NASA Prepares New Earth-Observing Satellite for Vandenberg Launch

The satellite, scheduled for launch Oct. 28, will collect data on climate change and weather conditions

NASA/30th Communications Squadron, VAFB

NASA will have another eye on global climate next week when it launches a new Earth-observing satellite from Vandenberg Air Force Base.

The launch of the National Polar-Orbiting Operational Environmental Satellite System Preparatory Project mission -- or, the mercifully short NPP -- is scheduled for Oct. 28. It will provide long-term global climate information and also transmit data that can be used for short-term weather forecasts.
"(The satellite) will help us improve our computer models that predict future environmental conditions," said Jim Gleason, NPP project scientist. "Better predictions will let us make better decisions, whether it is as simple as taking an umbrella to work today or as complex as responding to a changing climate."

The information also might help first responders prepare for natural disasters, such as wildfires.  National Oceanic and Atmospheric Administration officials will use NPP-supplied information in their weather models, and the satellite also will allow researchers to better observe global fires.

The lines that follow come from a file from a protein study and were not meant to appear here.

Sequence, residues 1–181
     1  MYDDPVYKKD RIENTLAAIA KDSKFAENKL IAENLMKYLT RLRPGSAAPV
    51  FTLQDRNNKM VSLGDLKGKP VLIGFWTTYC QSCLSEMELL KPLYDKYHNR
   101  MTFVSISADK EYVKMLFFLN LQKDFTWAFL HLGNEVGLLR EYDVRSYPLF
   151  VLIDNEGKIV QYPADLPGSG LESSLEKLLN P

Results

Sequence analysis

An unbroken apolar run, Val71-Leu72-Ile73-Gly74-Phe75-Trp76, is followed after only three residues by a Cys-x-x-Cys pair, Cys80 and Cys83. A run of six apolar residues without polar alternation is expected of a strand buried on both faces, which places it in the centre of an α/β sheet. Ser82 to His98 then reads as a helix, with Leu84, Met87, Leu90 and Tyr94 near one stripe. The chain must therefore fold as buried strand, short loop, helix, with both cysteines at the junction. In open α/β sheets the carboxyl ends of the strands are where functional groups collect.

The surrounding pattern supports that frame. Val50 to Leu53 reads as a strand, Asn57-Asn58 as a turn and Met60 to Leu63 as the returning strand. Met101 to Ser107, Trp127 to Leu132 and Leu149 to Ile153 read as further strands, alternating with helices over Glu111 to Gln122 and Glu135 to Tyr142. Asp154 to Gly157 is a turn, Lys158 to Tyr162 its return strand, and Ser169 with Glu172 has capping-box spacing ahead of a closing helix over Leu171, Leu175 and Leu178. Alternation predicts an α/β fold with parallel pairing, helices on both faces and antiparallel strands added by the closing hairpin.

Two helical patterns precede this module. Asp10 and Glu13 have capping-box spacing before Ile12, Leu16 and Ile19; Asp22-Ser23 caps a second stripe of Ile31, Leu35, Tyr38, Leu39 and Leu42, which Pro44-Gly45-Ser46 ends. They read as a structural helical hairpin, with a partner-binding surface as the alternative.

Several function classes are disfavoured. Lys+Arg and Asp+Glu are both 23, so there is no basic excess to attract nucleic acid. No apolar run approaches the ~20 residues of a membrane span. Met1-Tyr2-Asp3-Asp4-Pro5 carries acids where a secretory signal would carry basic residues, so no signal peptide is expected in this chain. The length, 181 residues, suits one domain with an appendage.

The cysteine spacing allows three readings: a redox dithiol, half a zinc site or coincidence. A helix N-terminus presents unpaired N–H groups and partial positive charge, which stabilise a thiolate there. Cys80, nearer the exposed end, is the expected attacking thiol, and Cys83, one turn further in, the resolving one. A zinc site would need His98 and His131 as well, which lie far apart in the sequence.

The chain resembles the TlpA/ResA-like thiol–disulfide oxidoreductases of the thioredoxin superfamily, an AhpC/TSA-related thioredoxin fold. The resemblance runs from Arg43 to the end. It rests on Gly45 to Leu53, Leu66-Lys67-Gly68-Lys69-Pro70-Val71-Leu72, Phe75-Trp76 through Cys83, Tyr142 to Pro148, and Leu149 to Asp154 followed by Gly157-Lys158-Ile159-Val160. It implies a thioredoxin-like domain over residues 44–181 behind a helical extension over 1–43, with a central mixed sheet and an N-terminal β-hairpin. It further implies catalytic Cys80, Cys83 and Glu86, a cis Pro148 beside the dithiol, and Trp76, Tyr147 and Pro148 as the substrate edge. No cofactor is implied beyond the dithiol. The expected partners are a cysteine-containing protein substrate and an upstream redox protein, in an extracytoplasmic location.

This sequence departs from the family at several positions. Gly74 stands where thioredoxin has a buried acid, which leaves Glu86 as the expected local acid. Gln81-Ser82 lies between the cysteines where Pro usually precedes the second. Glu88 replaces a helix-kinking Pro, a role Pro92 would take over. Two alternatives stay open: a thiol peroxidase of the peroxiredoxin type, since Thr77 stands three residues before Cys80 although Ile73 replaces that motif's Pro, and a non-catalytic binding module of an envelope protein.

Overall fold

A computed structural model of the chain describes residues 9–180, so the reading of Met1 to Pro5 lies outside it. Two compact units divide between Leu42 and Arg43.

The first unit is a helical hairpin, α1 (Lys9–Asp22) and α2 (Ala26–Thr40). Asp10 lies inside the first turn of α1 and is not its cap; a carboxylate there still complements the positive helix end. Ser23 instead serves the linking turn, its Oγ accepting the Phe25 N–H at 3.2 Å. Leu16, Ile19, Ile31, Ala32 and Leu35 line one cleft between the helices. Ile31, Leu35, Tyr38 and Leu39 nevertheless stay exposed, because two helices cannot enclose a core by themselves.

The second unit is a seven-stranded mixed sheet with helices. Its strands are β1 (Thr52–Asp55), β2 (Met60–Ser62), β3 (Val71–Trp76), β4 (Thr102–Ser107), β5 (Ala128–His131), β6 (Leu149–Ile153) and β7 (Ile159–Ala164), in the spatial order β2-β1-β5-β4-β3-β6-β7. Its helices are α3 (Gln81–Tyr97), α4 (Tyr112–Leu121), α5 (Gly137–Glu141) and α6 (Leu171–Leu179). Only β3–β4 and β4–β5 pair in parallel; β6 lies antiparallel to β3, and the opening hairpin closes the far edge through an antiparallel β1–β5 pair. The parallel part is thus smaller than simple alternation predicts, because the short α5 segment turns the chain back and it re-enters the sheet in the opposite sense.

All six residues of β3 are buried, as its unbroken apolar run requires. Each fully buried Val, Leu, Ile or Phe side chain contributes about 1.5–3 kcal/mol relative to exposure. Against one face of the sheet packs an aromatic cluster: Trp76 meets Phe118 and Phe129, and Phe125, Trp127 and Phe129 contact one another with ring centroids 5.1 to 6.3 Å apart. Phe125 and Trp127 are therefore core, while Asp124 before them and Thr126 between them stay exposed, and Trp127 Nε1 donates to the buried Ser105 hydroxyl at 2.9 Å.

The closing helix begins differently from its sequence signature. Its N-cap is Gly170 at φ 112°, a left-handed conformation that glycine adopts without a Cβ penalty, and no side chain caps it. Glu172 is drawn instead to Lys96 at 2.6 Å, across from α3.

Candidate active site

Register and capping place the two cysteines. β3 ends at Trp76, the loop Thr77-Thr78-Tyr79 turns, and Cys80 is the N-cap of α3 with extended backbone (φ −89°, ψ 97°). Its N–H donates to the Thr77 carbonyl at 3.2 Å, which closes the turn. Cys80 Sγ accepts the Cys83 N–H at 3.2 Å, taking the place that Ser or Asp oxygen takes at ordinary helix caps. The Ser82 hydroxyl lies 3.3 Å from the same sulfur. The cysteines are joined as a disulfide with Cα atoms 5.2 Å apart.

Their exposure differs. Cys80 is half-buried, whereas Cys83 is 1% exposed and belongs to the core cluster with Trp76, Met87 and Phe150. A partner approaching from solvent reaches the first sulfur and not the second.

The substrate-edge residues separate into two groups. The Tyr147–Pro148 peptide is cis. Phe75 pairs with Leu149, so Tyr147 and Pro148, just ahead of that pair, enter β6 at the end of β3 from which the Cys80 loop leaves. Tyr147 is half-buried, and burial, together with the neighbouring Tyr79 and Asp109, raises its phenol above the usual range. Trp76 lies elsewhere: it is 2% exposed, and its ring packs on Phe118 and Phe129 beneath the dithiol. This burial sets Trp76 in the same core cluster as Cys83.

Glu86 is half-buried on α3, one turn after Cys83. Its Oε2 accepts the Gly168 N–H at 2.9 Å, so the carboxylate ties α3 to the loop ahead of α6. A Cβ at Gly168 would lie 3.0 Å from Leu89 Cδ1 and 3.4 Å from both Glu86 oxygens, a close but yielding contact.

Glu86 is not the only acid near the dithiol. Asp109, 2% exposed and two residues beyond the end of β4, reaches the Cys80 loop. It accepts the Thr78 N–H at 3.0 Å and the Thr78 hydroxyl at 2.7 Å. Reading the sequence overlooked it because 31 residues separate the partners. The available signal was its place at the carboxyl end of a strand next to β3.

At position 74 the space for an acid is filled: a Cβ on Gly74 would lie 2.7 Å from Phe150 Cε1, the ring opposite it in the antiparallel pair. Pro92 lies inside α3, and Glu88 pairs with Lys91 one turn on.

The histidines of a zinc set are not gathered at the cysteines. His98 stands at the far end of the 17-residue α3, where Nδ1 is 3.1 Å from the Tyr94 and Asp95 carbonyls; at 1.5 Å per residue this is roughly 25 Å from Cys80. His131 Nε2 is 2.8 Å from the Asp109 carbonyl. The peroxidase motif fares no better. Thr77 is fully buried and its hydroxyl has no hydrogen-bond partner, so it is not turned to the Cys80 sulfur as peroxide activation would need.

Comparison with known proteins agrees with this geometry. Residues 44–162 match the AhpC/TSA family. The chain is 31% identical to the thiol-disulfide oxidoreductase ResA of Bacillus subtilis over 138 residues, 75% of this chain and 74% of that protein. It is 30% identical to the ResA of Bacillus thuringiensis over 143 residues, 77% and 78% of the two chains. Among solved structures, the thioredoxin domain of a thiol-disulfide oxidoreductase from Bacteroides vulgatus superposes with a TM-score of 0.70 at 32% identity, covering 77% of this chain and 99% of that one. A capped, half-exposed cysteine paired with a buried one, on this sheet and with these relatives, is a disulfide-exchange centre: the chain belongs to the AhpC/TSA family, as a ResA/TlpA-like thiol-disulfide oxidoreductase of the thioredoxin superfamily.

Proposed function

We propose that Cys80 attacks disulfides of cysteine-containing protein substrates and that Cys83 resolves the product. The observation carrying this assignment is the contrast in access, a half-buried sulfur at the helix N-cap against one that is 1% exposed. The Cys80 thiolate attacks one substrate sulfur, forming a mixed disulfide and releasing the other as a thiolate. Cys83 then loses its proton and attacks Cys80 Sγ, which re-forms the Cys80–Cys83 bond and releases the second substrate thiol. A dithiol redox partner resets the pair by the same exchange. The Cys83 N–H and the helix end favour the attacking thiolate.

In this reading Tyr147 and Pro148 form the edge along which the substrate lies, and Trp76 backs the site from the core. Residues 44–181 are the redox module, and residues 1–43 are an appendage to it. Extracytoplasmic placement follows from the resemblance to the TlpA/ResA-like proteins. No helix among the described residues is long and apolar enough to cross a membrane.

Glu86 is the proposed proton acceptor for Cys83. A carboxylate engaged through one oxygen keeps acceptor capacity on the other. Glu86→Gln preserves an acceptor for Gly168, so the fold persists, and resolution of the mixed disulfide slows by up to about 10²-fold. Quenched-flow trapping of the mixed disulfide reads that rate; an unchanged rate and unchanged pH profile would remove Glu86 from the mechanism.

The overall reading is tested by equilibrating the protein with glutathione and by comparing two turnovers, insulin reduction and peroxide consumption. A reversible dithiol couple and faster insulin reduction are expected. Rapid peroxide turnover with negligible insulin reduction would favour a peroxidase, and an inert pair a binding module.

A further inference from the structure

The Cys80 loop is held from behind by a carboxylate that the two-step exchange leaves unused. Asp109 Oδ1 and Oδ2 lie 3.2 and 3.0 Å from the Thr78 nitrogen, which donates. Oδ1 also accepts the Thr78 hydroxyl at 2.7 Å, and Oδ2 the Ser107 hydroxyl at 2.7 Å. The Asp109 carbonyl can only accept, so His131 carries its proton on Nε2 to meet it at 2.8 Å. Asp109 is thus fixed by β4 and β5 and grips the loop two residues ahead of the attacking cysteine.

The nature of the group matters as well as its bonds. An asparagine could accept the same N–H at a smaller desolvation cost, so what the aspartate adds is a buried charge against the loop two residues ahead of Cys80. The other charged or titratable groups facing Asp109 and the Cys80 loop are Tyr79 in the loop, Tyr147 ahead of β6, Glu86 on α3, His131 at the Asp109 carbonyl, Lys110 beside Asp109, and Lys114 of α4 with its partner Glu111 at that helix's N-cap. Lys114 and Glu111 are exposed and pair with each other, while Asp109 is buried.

"With the many billion dollar weather disasters in 2011, NPP data is critical for accurate weather forecasts into the future," said Louis W. Uccellini, director of NOAA-National Centers for Environmental Prediction.

But first, the satellite needs a ride into space. A Delta II rocket will carry NPP from Vandenberg Air ForceBase into orbit more than 500 miles above Earth's surface.

The craft, about the size of a Dodge Caravan, will orbit Earth about 14 times per day, transmitting data once per orbit. The satellite is expected to remain in operation for about five years.

The launch window is 2:48 to 2:57 a.m., Oct. 28. The launch was initially scheduled for Oct. 27.

Viewing a Vandenberg Launch

  • The facility has a public viewing site. Click here for details.
  • Find a viewing area that's as high as possible. You'll want to avoid low clouds and air pollution.
  • Look for an unobstructed horizon.
  • Get away from city lights for night launches.

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